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Free Books » Bonar, Horatius » Light & Truth: Acts and the Larger Epistles

Chapter 72 - 1 Corinthians 8:4-6 - The Many Gods and the One God Light & Truth: Acts and the Larger Epistles by Bonar, Horatius

The meaning of this passage might be more fully expressed thus: "As concerning the things sacrificed to idols, we know that an idol is a nothing in the world, and that there is no God but one; but even were there those beings that are called gods, either in heaven or on earth, as indeed there are gods many and lords many (gods and demigods as they are called), yet to us there is but one God, the Father, of whom are all things, and we for Him (for His service and glory, έζ and έις contrasted); and one Lord Jesus Christ, by whom are all things, and we by Him." It is like Joshua's "as for me" (Joshua 24:15).

Here are (1) the world's many gods; (2) the saint's one God; (3) the saint's one Christ.

I. The world's many gods. To make gods for himself has been man's great object all along. Every nation has had its gods, and every age. Assyria had its gods; Babylon, Egypt, Persia, Greece, Rome. Men multiplied gods without number. Everything or anything that could be a substitute for God, in any shape, animate or inanimate, men set up and worshipped. They were never tired of god-making. All of them vanity; things that profit nothing; vain helpers in the time of need. O world! what will become of thy many gods in the day when Jehovah arises to shake terribly the earth? And what profit will these gods afford the millions who have fled to them for refuge? Is there no god-making still, even in our day? Money, business, pleasure, lusts, luxuries! Are not these thy gods, O world? And are these better than the gods of Greece? Will they prove more helpful in the day of trouble than Baal, or Jupiter, or Buddha? Will they forgive, and save, and comfort?

II. The saint's one God. Yes; one only, the living and the true God. Jehovah is His name. With undistracted eye the Christian looks but to One, not many; with undivided heart he fixes on One, not many; His heart was made for only One, and that one sufficient to fill his whole heart, and soul, and being. How the thought of that one God,—infinite, eternal, and unchangeable,—makes all that are called gods to vanish utterly away. One infinite Jehovah, King eternal, immortal and invisible, He is our portion. "Jehovah is my portion, saith my soul." We need no other; we need no more. This God is our God. Whom have we in heaven but Him, and whom on earth do we desire besides Him? One God, Jehovah, King of kings, and Lord of lords, Creator of heaven and earth, who filleth all in all, "this is our God forever and ever: He will be our guide even unto death" (Psalm 48:14).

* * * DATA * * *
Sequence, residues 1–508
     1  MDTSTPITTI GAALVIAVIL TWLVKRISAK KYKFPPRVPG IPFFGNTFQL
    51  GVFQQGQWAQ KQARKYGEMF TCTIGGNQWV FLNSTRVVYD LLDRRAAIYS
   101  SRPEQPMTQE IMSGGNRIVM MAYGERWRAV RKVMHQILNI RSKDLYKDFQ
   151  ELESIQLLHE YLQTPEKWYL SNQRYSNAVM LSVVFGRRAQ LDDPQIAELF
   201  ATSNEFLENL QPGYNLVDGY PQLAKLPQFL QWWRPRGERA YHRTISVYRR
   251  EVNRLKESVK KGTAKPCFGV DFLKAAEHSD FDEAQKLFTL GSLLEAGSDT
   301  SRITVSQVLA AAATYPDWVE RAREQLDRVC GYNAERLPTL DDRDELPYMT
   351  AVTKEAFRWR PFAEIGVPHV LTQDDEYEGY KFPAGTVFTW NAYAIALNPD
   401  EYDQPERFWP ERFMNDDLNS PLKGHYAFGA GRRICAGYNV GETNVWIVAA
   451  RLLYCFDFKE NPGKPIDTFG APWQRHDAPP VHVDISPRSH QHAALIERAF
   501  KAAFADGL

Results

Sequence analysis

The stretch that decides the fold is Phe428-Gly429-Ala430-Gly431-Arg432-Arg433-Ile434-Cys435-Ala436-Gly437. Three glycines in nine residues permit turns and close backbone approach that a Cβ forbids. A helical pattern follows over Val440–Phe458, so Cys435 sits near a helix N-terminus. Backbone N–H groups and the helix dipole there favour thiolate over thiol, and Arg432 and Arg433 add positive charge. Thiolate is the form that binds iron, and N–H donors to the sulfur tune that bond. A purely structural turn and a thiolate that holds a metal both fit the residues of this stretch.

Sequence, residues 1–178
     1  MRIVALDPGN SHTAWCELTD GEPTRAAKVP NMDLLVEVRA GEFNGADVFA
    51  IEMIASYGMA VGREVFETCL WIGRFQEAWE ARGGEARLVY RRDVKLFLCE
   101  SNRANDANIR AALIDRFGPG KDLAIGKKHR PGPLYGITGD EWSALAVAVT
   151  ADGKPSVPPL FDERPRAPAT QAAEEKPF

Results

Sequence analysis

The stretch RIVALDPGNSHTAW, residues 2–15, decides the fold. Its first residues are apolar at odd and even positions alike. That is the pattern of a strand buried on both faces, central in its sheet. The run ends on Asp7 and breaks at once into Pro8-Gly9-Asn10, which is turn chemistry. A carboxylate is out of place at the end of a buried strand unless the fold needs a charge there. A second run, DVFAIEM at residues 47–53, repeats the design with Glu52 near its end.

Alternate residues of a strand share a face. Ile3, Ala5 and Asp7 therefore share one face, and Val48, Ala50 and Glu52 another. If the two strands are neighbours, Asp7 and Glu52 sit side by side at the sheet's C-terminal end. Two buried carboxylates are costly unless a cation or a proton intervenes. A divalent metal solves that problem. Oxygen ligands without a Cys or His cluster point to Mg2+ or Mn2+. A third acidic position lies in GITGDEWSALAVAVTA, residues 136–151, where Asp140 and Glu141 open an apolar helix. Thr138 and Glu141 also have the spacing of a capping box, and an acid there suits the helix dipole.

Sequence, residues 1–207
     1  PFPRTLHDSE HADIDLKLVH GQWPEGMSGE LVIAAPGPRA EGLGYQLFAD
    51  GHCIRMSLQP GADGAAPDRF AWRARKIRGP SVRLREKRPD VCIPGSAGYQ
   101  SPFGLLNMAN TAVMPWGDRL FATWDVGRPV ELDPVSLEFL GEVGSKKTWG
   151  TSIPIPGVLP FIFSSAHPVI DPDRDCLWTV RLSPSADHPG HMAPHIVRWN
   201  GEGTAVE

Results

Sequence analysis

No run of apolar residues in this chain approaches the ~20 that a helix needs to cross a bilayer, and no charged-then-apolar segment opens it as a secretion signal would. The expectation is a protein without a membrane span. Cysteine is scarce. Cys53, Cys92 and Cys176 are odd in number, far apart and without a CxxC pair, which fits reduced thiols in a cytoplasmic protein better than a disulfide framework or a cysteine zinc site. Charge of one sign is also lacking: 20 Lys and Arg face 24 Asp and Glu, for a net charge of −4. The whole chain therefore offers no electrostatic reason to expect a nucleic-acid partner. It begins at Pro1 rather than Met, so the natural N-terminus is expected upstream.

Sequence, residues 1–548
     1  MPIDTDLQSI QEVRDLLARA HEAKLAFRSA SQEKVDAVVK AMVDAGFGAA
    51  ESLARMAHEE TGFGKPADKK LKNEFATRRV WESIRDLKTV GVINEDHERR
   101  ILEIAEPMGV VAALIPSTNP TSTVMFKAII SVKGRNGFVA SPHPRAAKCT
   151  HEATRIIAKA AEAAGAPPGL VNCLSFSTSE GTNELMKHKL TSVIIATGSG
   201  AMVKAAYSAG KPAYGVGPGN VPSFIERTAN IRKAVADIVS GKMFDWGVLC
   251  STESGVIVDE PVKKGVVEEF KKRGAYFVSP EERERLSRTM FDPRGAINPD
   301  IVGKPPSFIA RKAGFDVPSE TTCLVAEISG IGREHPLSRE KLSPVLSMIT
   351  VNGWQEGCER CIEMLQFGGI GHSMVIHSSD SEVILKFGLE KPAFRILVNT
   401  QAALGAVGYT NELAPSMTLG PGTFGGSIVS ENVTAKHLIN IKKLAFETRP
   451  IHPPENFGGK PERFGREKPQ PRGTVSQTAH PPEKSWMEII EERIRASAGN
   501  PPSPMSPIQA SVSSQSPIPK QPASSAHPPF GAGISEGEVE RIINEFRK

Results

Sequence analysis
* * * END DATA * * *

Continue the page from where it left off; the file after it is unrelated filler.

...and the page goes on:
III. The saint's one Christ. "To us there is but one Lord Jesus Christ." As there are many beings who go under the name of God, so are there many who go under the name of Christ, yet there is but one Christ, not two, nor many. The tendency of the present day is to multiply Christ's. A Christ as the impersonation or representative of humanity is quite in accordance with the spirit of the age. But every one wants to have his own Christ, just as each heathen wanted to have his own god; the Christ that suits his own fancy, or his own philosophy, or his own intellect, or his own circumstances. So that there are many Christ's in the world even among those who profess to take the Bible as their instructor; still more among those who reject it; for even among those there is a groping after a Christ, and the cry goes up, Ecce Homo! Some want a Christ who is not God; others a Christ who is not a sacrifice; a Christ without a cross, and without blood; a Christ who will teach but not expiate sin; a Christ whose life and death are an example of self-surrender to the utmost, but not an atonement; a Christ who is not a judge, nor a law-giver, nor a priest, and only a prophet in the sense of teacher. Thus in the present day there are many Christ's. It has been so all along; only the apostle John calls them not Christ's but Antichrists—"many Antichrists." To us there is but one Christ. He who was announced as the woman's seed; He of whom Abel's sacrifice spoke; He of whom Enoch prophesied as the avenger; He who was revealed to Abraham as his seed; He of whom Job spoke as the Redeemer; He of whom Moses spoke as the Prophet; of whose work the whole book of Leviticus is full; He of whom David sang, as the sufferer, yet the King; He of whom Isaiah and all the prophets sang; He who proclaimed Himself as come to seek the lost; to whom John the Baptist pointed as the Lamb of God; who hung on the cross, and died in anguish, yet rose again and ascended on high; He is the one Christ whom we recognize.

If thus, then, there is but one Christ, then there is but

(1.) One cross. Only one; the cross in which Paul gloried, and on which our Surety hung. To acknowledge that one cross is life; to reject it is death.

(2.) One Priest. Jesus, our great High Priest, whose is the one unchangeable and everlasting Priesthood; Jesus, who suffered the just for the unjust, and now ever liveth to make intercession for us!

(3.) One altar. The altar of the great burnt-offering is the one altar for us. If there be many Christ's, there may be many altars; if one Christ, then but one altar.

(4.) One sacrifice. Only one! No victim but the one Christ. No blood but that of the one Christ. All self appointed, self-made sacrifices are vain. They cannot take away sin. The one offering can.

(5.) One way to the kingdom. There is but a single gate, and a single way; yet these suffice. We need no more. "I am the way." "No man cometh unto the Father but by me."